Tuesday, September 4, 2007

Communities: Eye on Learning

Due to the title, as write this I can't help but hear the theme music to The Simpson's: Eye on Springfield.

Clearly, that has nothing to do with our conversation today.

So my first official foray into the world of learning 2.0 will be with the concept of web based communities in mind.

Community will continue be an important tool in the years to come. Already, a countless amount of learning occurs in web communities each day. The technically savvy demographic, clearly the first to embrace the internet, has been using it to communicate and learn for years. So the question is, why hasn't everyone embraced it?

As a former software developer myself, I noticed that much of the time when I would 'troll' the developer forums for the answer regarding an often obscure question, I would post my question but rarely would I answer questions other users had posted.

I never thought much about it at the time, but now I ask myself why is that? Why didn't I answer questions that I already knew the answer to?

After analysis, I could really only come up with 2 reasons.
  • I lacked confidence in the answer
  • I didn't benefit by answering the question
If the "people with the answers" do not provide those answers, how can we hope to connect people who want to know with those that do know?

My theory is that people will only participate if they benefit from their participation. That may seem very selfish, and the truth of the matter is, it is!

Short of changing the focus of "the people" to the greater good, I suggest we merely find a way to capitalize on selfishness.

I recently finished reading a book about the power of crowdsourcing and the wisdom of crowds, (which you can preview here at www.wearesmarter.org), and while I enjoyed the book and the concepts therein, each of the businesses that capitalized on the model addressed the concern of "what's in it for me".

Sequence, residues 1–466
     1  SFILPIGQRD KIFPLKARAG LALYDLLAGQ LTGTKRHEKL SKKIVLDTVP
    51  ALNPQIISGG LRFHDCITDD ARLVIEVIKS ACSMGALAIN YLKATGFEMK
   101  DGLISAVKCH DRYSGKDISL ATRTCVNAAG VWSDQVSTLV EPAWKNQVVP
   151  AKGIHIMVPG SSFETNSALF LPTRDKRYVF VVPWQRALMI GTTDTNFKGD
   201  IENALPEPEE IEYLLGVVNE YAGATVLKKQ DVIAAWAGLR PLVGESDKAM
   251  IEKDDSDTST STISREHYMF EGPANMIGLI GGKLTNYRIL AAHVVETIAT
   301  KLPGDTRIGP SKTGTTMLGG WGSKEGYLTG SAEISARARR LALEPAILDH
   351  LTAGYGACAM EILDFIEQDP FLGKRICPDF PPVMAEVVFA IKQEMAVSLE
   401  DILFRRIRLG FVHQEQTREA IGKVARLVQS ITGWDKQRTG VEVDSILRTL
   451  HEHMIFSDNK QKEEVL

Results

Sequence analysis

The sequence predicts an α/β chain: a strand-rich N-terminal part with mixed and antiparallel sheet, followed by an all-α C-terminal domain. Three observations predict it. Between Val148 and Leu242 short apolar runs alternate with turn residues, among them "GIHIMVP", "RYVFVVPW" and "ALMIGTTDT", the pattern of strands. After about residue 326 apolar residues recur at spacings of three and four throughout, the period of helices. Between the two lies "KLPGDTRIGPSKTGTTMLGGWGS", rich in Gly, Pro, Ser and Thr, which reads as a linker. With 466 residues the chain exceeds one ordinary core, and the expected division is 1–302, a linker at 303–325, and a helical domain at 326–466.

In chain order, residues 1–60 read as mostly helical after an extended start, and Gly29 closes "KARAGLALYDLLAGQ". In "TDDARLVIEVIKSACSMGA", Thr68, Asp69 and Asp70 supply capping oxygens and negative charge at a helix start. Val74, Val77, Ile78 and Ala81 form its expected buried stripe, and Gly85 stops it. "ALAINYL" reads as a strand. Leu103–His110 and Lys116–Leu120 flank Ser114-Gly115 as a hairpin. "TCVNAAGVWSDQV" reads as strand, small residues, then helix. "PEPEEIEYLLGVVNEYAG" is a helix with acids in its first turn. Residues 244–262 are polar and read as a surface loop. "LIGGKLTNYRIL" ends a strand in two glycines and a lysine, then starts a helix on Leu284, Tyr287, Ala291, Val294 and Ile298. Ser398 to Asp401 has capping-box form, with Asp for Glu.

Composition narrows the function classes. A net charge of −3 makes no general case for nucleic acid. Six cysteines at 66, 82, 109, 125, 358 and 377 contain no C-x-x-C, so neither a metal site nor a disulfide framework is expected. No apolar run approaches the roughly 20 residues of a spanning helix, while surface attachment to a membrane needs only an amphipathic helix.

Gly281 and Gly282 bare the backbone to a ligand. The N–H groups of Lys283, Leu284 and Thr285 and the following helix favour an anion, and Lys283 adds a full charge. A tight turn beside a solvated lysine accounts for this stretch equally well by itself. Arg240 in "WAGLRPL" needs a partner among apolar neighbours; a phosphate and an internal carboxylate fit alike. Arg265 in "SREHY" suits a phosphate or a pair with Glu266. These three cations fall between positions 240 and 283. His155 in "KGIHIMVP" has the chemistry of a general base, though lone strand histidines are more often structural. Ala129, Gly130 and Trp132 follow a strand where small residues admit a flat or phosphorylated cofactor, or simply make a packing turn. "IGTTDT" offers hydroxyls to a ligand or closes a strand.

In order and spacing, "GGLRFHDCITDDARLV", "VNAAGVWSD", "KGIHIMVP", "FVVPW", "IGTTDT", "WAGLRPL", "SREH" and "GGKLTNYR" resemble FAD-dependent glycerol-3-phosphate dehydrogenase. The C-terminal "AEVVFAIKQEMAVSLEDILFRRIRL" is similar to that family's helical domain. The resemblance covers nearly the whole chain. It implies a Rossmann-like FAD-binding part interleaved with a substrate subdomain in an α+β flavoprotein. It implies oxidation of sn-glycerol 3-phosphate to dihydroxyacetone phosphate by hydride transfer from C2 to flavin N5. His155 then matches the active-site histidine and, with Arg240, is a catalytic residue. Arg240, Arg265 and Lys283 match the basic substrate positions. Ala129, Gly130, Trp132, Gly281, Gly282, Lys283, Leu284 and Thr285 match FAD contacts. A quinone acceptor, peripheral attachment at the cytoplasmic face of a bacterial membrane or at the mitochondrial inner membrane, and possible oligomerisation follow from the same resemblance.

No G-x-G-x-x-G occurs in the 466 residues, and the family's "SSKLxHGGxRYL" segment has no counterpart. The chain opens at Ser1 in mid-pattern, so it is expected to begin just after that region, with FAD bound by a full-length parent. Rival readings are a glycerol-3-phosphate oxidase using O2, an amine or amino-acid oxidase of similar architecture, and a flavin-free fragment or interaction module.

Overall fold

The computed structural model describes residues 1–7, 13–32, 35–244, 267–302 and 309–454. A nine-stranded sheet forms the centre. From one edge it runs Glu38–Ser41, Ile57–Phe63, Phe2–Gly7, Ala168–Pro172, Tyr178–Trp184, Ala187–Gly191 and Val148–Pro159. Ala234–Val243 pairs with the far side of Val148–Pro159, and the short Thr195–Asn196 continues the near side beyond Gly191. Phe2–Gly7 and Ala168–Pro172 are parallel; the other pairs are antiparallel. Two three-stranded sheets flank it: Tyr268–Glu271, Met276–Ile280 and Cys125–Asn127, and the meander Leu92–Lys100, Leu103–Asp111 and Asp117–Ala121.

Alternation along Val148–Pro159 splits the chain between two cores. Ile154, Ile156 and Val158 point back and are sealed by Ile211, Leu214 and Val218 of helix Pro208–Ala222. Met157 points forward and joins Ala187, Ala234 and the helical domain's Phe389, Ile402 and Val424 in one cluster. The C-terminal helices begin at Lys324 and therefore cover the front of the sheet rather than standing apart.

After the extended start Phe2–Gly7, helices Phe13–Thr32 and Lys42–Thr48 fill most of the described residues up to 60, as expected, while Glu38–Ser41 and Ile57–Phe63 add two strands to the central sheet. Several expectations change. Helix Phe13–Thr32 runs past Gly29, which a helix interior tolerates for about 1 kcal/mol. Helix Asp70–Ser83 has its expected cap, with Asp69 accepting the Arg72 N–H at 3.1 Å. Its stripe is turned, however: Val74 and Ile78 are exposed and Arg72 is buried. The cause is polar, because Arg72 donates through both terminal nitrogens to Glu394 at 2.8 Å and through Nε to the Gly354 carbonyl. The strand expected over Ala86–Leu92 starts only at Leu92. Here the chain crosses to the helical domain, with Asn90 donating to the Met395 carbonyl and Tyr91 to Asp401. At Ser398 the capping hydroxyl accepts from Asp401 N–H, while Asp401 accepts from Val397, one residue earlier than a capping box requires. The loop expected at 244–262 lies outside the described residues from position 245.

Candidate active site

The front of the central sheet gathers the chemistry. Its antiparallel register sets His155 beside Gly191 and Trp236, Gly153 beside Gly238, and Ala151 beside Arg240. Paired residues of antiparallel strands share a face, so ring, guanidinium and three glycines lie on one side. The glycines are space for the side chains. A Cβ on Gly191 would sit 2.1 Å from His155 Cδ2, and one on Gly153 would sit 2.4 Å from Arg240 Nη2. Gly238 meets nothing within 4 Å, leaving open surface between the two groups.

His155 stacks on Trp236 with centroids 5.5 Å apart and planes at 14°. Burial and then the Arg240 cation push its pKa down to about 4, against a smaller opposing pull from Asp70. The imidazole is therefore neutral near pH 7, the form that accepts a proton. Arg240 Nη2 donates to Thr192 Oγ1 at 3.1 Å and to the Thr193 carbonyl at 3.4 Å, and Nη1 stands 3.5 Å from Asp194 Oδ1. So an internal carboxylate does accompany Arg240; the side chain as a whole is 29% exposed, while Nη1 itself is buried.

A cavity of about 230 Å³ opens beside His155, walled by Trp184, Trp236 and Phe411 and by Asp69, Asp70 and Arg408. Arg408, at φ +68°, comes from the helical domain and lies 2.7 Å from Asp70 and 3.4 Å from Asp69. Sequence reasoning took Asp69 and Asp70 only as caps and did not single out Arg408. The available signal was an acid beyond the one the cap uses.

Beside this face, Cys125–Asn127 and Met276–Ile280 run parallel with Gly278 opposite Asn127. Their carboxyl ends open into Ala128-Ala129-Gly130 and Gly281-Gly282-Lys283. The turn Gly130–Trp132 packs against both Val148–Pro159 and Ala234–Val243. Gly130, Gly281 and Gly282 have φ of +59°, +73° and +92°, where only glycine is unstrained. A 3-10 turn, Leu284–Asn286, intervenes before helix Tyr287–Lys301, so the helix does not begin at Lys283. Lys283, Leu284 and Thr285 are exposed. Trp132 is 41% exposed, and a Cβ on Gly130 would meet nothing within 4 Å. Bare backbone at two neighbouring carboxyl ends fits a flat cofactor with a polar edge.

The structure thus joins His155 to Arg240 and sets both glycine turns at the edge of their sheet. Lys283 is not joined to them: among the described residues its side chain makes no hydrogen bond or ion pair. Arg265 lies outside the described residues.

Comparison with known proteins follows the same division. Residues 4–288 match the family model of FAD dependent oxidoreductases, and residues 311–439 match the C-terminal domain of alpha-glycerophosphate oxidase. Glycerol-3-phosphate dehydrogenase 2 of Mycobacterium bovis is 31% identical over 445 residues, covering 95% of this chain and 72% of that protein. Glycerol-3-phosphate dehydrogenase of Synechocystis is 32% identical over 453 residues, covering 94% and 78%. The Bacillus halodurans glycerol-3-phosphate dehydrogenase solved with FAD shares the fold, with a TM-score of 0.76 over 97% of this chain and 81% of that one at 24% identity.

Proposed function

So the question is how do we make this work for the learning community? Is it something that can be developed into a product? These are some of the topics I will explore soon.

Next Time: Monetize, Incentivise, Sell Selfish!

3 comments:

Josh said...

I think you missed a major point on why people don't answer other people's questions in forums and the like. LAZINESS, this is a huge factor for a lot of people. I actually think it becomes more and more of a driver (un-driver?) for each subsequent generation and is a major hurdle that needs to be addressed for any community based approach. Some of this comes down to ease of use for the tools being used and some of it comes down to how engaged the people feel.... I could go on but this is your blog not mine.

Matt Shandera said...

Josh, Great point! I agree that laziness as well as many other factors factor in to why people don't contribute. But really, at the end of the day, If there was something in in it for me(that I actually want), I would work past my laziness and contribute.

Thanks for the transition into my next post!

mkgerst said...

I agree with Josh that laziness is a huge factor, but it could also be that as you said people lack confidence in their answers. Just as in real life, some people doubt themselves and while the internet gives us a chance to be more confident because of the lack of face to face interaction, old habits die hard. It could also be said that the growing popularity of web groups and online communication has actually put a damper on face to face interaction. People are becoming less social in person due to a more cyberbased world.